What Makes a Stradivarius Sing?

We may earn a commission from links on this page.

Stradivarius violins are rarely sold, but when they are, it's for millions of dollars. Earlier today, one specimen from 1721 sold at a charity auction for a record-shattering $16 million. Everyone knows they're the best in the world. But why?

In the 93 years Antonio Stradivari lived between 1644 and 1737, he personally made or oversaw the creation of over 1,000 violins, viola, and violoncellos at his workshop in Cremona, Italy. An estimated 650 have survived into the modern era. So they're old. And exceedingly rare. But their true value supposedly stems from their insurpassable sound quality and beauty.


There's been no concrete consensus as to why exactly they sound so amazing, but researchers at Columbia and the University of Tennessee think it might be the result of climate change—and not the kind you're thinking of. According to their research, the 17th century was a time of reduced solar activity. Meaning cooler summers, which led to slower tree growth—producing denser wood that eventually went into these violins. Other theories in this vein include a special anti-worm and fungus treatment, something in the varnish, even the use of ancient wood reclaimed from church walls. The Cambridge Companion to the Violin cites their unique, flattened shape, but ultimately it comes down to Stradivarius himself. According to Dr Jon Whiteley, a curator at the Ashmolean Museum in Oxford, Stradivari spent his entire life searching for the perfect shape. Judging from the price one of these things fetches nowadays, he probably got as close as anyone ever could have. Now all we need is for someone to scan it and make a fortune off of 3D printing.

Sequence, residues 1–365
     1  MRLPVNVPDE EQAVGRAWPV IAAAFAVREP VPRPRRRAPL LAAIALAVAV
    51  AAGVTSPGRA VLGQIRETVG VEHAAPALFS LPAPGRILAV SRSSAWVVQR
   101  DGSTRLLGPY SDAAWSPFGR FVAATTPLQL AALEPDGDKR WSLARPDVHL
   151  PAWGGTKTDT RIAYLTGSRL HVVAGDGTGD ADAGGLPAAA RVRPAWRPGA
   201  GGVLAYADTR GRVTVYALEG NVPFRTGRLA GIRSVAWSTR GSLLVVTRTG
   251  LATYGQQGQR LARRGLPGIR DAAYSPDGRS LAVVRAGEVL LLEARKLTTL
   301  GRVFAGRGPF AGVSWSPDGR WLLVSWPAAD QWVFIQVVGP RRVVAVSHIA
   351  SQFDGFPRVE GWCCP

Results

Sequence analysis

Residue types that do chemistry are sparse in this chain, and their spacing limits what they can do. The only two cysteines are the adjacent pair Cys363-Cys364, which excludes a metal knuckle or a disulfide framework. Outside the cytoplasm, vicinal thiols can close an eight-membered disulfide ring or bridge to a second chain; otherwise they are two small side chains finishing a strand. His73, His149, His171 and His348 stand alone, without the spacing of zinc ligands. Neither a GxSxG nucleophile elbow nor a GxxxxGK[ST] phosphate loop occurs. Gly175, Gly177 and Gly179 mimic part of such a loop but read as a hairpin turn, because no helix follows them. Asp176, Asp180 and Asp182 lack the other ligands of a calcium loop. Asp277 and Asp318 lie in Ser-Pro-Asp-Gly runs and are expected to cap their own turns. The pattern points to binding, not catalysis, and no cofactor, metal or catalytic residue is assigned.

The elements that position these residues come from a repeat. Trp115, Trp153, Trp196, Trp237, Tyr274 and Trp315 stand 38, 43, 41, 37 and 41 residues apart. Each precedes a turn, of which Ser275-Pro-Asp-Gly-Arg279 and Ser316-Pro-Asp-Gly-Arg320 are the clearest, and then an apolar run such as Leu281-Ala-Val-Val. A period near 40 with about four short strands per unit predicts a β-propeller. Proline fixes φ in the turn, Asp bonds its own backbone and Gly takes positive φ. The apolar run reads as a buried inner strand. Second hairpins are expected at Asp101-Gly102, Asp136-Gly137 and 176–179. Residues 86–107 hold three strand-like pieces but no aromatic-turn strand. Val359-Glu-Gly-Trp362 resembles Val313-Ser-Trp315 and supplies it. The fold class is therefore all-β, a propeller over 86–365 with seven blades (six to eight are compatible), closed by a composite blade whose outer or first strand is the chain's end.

[BBC, image from AP]